Caffeine starting to be sold in Brigham Young University’s cafeteriagemini tomorrow career horoscope
Caffeine starting to be sold in Brigham Young University’s cafeteriagemini tomorrow career horoscopeIn the 1950s, the school’s dining services decided not to sell caffeinated soft drinks and that practice held until Thursday. RNS photo courtesy iStock Photo September 21, 2017 By Adelle M. Banks ShareTweetShare
(RNS) — Move over, caffeine-free soft drinks: Your caffeinated counterparts are now available at a prominent Mormon university.
“I have been told the students are lining up,” Brigham Young University spokeswoman Carri Jenkins said of the campus cafeteria after the school announced caffeinated beverages would be available starting Thursday (Sept. 21).
“It’s been very positive. The students have expressed great enthusiasm for the change.”
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That change has been pushed by students for at least five years, after the Church of Jesus Christ of Latter-day Saints issued a reiteration of its teachings on what liquids should pass the lips of its members.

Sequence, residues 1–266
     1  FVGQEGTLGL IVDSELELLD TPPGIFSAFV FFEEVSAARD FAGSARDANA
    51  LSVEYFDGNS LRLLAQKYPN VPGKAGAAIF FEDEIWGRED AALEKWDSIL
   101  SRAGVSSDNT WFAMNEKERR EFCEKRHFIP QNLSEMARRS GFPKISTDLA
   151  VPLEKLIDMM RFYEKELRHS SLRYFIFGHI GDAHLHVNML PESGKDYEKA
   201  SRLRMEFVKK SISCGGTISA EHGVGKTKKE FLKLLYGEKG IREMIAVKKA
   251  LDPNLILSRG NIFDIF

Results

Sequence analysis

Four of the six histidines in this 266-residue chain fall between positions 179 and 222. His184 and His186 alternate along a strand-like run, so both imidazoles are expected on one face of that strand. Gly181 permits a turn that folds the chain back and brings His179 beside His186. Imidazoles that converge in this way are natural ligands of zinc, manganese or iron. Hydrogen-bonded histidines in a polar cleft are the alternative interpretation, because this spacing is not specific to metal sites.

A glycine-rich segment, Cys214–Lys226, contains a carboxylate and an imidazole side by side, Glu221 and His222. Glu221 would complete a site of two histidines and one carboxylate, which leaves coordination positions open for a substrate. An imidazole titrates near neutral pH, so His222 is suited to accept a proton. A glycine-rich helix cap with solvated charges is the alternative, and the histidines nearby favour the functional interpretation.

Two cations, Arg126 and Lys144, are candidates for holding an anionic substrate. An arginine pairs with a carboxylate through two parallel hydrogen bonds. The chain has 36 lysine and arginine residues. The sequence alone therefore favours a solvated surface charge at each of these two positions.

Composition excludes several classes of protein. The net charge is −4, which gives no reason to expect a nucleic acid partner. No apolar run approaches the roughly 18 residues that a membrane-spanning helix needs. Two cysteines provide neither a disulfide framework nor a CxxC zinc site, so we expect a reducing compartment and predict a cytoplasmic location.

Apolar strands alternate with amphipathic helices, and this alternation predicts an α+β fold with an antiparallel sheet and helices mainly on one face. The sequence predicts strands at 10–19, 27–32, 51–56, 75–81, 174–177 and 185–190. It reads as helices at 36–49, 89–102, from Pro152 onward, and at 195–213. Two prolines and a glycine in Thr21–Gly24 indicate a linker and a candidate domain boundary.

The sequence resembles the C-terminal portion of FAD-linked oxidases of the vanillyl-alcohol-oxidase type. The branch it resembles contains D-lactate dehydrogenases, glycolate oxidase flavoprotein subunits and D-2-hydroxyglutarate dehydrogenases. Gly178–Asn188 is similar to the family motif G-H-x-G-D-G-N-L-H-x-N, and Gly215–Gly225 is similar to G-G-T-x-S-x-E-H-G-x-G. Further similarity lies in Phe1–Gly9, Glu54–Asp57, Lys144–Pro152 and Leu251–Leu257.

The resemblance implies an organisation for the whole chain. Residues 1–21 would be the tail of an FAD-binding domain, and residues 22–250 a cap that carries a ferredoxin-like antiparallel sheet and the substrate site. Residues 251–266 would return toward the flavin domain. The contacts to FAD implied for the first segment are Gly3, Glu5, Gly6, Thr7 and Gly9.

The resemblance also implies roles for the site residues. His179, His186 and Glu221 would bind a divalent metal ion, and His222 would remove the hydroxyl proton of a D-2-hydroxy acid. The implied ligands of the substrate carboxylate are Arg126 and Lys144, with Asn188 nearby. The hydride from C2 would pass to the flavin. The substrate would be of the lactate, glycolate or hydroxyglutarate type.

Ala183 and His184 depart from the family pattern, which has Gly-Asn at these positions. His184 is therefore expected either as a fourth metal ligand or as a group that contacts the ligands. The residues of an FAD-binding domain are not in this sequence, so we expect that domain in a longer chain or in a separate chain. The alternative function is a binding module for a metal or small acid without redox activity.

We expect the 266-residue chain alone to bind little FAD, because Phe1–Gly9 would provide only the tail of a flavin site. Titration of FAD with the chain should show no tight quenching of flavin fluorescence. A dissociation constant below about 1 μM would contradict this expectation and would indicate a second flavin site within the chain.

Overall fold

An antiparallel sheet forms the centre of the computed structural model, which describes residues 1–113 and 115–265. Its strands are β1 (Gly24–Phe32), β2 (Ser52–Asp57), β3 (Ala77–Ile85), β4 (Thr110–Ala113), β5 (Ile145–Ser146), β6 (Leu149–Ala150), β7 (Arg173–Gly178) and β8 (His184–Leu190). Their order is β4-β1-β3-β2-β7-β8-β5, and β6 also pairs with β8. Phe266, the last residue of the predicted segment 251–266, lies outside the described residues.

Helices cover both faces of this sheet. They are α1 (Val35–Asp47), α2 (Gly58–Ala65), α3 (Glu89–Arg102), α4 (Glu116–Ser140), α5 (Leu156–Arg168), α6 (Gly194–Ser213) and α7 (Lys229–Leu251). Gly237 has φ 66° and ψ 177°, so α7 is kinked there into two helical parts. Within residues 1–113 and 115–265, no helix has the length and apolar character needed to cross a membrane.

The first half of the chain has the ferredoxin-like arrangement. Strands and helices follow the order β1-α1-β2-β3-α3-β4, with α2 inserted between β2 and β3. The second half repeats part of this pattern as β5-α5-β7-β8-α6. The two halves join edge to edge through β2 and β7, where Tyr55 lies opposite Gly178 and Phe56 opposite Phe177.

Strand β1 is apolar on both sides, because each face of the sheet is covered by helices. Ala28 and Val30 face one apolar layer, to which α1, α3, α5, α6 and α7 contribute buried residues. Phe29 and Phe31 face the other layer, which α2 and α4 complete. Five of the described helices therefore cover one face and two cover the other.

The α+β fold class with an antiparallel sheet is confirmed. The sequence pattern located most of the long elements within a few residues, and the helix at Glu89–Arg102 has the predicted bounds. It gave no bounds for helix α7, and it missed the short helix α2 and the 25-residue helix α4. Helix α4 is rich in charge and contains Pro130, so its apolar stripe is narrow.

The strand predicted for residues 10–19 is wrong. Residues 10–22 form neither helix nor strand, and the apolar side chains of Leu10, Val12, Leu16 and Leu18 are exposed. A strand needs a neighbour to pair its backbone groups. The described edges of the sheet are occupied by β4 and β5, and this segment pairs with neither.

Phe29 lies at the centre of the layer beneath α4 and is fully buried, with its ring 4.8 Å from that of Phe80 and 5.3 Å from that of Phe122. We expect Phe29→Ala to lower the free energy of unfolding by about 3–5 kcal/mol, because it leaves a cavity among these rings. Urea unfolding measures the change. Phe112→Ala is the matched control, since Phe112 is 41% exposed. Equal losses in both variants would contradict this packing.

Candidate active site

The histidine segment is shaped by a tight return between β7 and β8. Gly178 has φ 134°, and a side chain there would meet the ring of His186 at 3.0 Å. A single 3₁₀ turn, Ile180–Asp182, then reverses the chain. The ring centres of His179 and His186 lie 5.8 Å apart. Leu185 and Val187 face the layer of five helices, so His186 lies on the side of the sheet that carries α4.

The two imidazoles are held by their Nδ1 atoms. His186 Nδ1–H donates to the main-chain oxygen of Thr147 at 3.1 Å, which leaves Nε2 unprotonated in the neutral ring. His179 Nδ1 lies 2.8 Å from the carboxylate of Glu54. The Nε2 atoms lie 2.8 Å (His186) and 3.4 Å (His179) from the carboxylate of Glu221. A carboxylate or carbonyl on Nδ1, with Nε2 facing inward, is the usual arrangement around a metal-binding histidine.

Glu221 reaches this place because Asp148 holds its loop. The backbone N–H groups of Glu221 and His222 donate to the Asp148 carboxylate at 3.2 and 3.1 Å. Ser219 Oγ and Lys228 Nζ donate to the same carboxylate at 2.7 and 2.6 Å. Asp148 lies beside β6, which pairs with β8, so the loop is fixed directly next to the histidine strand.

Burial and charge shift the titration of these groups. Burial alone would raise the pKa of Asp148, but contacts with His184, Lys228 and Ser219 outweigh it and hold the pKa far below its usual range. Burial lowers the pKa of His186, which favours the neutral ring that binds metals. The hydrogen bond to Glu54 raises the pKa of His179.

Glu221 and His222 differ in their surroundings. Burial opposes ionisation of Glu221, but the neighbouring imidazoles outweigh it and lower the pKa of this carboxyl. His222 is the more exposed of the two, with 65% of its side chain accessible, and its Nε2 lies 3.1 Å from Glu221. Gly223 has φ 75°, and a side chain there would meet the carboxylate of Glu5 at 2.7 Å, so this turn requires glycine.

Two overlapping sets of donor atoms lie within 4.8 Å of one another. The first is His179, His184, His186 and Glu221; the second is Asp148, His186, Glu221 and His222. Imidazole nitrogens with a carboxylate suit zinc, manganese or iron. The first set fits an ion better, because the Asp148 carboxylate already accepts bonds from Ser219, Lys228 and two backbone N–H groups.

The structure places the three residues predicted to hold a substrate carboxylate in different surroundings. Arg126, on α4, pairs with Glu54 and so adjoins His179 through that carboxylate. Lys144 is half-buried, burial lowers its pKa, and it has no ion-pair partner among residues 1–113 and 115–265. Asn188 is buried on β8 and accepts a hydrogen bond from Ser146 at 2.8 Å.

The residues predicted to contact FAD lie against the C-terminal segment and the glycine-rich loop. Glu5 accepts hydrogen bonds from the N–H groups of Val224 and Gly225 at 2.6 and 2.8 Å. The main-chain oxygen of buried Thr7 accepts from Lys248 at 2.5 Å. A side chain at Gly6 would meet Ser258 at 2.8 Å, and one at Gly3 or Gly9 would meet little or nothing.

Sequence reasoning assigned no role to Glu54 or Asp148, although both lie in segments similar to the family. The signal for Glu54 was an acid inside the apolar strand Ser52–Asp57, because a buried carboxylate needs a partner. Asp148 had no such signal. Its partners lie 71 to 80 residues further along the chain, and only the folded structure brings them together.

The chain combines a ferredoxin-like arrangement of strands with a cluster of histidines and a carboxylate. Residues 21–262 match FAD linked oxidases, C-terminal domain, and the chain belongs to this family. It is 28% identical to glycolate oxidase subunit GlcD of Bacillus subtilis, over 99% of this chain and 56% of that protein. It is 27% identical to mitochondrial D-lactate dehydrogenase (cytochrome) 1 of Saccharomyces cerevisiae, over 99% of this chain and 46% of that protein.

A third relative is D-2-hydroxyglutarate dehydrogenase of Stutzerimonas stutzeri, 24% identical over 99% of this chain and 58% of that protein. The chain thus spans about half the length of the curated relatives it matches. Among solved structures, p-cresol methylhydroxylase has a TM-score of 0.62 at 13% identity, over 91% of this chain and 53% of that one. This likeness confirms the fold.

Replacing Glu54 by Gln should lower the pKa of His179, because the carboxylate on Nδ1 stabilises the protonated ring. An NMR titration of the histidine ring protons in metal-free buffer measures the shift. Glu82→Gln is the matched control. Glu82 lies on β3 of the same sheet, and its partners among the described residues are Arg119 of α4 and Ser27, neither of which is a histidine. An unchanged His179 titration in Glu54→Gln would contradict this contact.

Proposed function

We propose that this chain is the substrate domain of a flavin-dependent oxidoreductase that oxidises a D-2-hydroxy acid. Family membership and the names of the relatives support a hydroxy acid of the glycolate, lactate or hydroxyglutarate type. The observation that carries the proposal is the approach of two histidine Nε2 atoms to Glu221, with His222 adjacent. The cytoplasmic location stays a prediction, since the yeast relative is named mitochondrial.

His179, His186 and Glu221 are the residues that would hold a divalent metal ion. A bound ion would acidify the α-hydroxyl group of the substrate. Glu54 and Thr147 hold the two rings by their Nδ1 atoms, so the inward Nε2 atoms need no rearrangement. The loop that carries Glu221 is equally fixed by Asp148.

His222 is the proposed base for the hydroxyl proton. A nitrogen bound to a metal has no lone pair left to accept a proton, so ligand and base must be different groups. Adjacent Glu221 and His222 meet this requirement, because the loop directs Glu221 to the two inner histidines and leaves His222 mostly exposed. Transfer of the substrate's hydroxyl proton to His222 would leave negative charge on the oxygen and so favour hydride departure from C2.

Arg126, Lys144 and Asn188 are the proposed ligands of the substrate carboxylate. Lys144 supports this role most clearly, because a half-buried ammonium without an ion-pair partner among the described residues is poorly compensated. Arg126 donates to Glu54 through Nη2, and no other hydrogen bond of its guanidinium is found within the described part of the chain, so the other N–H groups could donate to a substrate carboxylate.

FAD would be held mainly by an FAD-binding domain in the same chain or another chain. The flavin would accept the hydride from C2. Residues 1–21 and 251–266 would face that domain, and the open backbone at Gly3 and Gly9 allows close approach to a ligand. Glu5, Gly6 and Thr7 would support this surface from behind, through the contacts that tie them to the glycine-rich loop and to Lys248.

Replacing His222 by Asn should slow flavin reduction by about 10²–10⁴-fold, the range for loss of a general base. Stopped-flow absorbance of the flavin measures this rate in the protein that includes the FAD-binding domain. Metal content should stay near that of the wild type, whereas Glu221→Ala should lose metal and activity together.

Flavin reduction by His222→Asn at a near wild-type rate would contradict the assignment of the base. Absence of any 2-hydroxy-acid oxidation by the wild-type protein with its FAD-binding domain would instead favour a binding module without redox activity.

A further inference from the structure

A 2012 “Getting it Right” posting on the church’s website explained “the Church revelation spelling out health practices (Doctrine and Covenants 89) does not mention the use of caffeine.”
It added: “The Church’s health guidelines prohibit alcoholic drinks, smoking or chewing of tobacco, and ‘hot drinks’ — taught by Church leaders to refer specifically to tea and coffee,” the document reads.
In the 1950s, the school’s dining services decided not to sell caffeinated soft drinks, and that practice held until Thursday.
At the time of the church announcement in 2012, Jenkins said the school didn’t sell caffeinated drinks because there had not “been a demand for it.”
But on Thursday, she said times have changed.
“We have clearly seen over the last several years more requests for caffeinated soft drinks,” Jenkins said.
The school, which was founded in 1875, will continue to offer the caffeine-free variety of Coca-Cola products. It has opted not to offer highly caffeinated energy drinks.
Jenkins noted that students have long been free to bring their own caffeine-filled beverages onto campus.
“Caffeinated soft drinks have never been banned from campus,” she said. “Dining Services just did not offer them.”
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